More people have become aware of plastic pollution in recent times. It’s hard to miss information about it in documentaries and the media, which are both helping to educate people further.
As we now know, plastic pollution can be found in oceans and coastlines all over the world. 8 million tons of plastic enter the oceans every year, joining the 150 million tons that are already in the marine environment.
This pollution is very harmful to marine and terrestrial wildlife and ecosystems. In Madagascar, there is a vast amount of plastic pollution in its waters and on its beaches, largely due to debris washed in from the ocean. However, a large amount of this pollution is a direct effect of littering. As there is no legislation for acceptable disposal in Madagascar, locals and visitors often litter along the shore, which is then washed from Madagascan coastlines into the oceans.
Plastic pollution is categorized into things like water bottles, straws, polystyrene and small fragments of broken plastic. Importantly, one category often forgotten or not known about is nurdles. These are small plastic pellets that are used to make almost all our plastic products. Unfortunately, billions of these are lost due to mishandling of the bags they’re transported in, and they often escape into our oceans whilst in transit. This threatens marine ecosystems as the small pellets infiltrate habitats and are often mistaken for food.
Image credit: Yvonne O, https://www.nurdlehunt.org.uk/take-part.html#know
How have Frontier Madagascar been tackling plastic pollution?
Frontier carries out beach surveys along a section of the coastline in Nosy Be to collect data on pollution and take as much plastic off the beach as they can. In March this year, the Madagascar team joined ‘The Great Nurdle Hunt’ to survey and collect nurdles along the beach. The Hunt is a citizen science project, aiming to get people out onto their beaches to collect data on nurdles. These surveys from all over the world help to build a bigger picture of the extent and reach of nurdles, providing more information to the public, companies and governments around the globe.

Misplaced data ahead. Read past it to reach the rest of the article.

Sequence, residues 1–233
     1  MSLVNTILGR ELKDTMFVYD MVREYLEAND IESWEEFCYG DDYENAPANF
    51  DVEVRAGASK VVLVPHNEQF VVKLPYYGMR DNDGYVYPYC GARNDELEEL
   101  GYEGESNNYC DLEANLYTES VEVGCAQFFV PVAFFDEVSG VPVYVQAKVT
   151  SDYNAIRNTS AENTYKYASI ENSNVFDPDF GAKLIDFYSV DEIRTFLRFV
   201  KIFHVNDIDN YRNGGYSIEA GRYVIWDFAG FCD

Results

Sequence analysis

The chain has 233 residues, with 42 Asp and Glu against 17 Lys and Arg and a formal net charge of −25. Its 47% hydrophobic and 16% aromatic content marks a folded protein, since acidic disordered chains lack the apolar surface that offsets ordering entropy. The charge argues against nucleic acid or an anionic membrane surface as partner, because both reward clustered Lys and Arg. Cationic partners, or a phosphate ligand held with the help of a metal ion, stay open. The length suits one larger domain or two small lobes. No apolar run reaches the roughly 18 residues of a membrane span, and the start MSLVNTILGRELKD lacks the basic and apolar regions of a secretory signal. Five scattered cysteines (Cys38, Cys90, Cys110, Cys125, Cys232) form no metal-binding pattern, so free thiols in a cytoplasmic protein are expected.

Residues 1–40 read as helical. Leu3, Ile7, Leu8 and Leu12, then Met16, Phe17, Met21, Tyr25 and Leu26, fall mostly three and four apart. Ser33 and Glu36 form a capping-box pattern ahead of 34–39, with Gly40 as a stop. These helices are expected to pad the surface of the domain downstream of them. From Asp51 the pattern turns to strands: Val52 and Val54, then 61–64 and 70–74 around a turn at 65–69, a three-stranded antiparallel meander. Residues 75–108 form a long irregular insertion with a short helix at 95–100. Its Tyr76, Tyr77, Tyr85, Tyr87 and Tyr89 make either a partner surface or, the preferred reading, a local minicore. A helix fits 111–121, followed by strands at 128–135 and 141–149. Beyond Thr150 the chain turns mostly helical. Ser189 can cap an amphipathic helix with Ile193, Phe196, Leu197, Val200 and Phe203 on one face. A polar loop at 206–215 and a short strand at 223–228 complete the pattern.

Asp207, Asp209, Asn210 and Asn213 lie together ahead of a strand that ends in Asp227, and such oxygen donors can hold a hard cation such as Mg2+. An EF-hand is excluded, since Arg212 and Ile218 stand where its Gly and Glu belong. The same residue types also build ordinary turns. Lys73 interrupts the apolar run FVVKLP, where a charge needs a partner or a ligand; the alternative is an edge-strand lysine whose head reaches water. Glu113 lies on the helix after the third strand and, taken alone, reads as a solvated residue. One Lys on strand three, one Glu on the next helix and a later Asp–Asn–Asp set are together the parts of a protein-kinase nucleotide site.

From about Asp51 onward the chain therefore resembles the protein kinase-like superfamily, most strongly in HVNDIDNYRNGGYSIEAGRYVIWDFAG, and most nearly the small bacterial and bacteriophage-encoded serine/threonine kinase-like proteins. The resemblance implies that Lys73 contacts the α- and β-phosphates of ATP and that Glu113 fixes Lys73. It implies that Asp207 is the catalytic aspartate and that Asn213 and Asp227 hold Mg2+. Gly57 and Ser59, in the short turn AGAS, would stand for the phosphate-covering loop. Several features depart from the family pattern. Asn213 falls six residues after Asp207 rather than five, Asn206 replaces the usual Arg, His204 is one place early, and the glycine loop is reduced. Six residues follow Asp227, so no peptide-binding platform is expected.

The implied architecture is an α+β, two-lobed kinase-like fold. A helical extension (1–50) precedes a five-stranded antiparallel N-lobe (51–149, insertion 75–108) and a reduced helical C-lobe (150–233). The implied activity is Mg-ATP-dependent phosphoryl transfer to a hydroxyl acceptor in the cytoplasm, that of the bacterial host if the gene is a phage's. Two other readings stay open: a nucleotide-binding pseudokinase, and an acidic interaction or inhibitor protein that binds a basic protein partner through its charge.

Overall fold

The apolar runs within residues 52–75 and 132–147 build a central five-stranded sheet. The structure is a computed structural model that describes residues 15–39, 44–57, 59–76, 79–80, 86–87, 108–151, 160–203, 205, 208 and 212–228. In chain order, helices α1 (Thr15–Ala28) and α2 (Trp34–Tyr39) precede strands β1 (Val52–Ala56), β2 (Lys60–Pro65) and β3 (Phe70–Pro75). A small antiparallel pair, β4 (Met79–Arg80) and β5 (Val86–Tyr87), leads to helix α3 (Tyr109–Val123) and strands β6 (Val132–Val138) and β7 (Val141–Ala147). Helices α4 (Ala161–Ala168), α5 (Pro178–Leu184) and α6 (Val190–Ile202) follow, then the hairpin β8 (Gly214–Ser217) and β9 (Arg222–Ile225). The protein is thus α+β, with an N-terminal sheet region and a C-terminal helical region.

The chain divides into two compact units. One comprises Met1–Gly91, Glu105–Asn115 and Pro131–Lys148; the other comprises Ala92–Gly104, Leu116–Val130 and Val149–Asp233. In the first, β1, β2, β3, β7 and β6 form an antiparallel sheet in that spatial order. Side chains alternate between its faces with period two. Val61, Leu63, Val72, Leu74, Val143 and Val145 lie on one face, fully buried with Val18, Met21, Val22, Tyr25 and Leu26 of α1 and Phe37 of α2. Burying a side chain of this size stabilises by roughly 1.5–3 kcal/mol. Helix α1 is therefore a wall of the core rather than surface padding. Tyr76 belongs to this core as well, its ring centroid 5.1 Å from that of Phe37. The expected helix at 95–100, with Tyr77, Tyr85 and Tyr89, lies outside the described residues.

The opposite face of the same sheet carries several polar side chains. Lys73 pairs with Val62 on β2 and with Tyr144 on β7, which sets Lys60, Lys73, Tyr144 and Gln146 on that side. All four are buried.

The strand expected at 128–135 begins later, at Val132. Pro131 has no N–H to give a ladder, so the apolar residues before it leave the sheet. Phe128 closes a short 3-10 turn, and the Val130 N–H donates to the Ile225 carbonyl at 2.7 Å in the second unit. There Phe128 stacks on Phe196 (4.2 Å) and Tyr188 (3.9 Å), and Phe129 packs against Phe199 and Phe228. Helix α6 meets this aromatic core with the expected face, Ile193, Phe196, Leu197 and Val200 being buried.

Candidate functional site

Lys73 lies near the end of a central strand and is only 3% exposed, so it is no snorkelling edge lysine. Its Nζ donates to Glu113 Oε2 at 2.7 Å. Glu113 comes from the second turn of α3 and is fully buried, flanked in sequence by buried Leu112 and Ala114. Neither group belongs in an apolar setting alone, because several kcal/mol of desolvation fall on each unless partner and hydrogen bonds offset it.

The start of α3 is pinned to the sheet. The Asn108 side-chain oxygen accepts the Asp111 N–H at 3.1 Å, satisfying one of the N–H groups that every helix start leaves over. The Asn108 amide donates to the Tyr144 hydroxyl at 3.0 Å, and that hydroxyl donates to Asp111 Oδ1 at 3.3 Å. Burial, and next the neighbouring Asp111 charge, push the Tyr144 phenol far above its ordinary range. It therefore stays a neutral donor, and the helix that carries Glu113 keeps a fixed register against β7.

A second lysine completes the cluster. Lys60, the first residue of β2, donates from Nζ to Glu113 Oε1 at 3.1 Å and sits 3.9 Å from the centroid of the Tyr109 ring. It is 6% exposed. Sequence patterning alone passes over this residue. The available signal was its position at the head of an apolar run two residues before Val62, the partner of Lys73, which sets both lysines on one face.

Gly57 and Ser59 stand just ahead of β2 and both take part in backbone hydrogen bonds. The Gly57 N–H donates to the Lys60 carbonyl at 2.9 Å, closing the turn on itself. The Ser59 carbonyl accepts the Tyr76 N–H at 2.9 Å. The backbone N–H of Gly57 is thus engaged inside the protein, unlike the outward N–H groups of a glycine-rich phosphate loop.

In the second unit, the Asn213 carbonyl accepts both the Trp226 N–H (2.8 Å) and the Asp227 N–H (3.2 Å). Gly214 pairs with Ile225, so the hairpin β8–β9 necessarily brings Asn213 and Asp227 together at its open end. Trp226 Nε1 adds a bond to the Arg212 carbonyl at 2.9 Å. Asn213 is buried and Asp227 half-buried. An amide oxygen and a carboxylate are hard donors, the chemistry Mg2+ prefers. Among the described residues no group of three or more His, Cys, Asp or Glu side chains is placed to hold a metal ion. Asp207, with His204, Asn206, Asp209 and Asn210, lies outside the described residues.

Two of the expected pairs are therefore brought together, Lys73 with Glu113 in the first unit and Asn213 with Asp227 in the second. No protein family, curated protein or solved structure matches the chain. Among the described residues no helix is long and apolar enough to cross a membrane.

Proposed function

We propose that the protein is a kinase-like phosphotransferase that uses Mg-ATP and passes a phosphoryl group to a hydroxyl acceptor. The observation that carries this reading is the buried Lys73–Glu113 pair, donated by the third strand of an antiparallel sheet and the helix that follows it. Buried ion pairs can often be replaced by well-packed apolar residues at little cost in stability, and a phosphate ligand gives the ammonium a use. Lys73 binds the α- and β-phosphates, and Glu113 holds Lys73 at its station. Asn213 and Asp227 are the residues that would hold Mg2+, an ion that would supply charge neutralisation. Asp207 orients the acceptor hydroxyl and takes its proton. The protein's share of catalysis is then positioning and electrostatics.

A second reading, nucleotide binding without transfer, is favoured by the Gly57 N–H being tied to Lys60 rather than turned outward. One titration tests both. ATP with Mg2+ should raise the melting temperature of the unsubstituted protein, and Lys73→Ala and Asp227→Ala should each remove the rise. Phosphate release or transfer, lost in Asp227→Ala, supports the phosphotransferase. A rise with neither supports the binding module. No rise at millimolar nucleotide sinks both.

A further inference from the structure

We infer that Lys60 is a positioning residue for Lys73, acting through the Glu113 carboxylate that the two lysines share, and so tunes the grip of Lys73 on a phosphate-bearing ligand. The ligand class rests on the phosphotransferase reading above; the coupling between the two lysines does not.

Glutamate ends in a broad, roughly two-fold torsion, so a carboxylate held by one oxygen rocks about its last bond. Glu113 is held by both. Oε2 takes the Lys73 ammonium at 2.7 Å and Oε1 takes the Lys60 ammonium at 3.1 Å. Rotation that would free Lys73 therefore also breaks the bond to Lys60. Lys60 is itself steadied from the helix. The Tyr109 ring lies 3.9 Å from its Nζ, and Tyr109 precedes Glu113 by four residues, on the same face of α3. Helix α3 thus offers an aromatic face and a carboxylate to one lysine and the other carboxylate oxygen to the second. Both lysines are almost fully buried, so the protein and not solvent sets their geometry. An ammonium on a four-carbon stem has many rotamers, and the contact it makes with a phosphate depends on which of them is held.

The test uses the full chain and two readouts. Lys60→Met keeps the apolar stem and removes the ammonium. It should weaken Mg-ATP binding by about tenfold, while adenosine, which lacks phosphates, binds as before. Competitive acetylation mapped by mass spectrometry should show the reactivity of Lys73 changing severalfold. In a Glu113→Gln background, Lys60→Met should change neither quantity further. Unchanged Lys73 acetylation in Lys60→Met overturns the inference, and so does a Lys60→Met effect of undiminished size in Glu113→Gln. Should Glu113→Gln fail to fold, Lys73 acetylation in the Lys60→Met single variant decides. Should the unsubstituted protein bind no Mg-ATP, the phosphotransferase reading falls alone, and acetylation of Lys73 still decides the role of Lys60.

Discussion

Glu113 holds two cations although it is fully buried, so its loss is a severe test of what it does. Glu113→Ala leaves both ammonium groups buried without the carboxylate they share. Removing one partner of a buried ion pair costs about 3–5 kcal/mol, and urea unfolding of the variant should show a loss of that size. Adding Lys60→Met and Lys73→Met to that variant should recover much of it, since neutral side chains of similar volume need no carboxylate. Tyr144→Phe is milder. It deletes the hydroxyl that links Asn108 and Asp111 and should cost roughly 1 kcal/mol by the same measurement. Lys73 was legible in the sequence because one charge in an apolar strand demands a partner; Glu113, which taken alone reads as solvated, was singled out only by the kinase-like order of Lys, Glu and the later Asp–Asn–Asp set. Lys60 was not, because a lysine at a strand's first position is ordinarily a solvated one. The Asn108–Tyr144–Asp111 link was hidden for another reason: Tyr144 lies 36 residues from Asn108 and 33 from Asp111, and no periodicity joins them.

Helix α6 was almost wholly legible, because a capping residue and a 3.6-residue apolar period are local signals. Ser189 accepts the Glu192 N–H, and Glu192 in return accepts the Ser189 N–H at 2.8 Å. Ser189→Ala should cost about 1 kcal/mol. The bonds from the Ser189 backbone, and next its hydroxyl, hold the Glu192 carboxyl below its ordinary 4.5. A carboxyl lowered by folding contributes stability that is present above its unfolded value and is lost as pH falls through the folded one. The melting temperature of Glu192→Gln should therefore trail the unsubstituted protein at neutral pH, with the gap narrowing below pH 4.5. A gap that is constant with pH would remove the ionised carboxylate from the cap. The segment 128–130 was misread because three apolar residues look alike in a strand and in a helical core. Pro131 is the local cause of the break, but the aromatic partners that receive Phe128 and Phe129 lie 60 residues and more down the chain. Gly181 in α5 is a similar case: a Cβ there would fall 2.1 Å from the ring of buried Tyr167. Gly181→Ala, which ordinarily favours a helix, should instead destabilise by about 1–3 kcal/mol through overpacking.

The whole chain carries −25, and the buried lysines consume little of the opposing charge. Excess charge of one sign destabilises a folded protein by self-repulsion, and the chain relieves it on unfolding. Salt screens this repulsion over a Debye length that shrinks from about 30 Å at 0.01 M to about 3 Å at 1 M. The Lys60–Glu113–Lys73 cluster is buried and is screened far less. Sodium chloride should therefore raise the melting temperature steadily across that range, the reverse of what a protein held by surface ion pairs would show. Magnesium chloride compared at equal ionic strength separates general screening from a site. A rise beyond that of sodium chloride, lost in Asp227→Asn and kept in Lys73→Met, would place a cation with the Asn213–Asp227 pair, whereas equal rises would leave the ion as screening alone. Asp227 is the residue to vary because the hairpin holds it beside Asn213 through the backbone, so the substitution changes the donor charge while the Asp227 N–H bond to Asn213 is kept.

Frontier’s surveys help to educate local people about the effects of coastal pollution on marine life. Completing ‘The Great Nurdle Hunt’ was a great way to further their interest and build on their knowledge. Furthermore, the plastic pollution Frontier collects from the beach is used in the eco bricks project. The plastic bottles collected are filled with plastic debris, including nurdles, to create eco bricks that can be used in construction around the village. This is a great way to show local people how of recycling waste can create building materials for sustainable development in the area.
Nurdles can be found on beaches all over the world. The next time you’re at the beach in the UK, have a look around and take nurdles and other plastic pollution you see off the beach to reduce its harm. Or, if you want to carry out beach cleans in a more tropical setting, join our Madagascar project!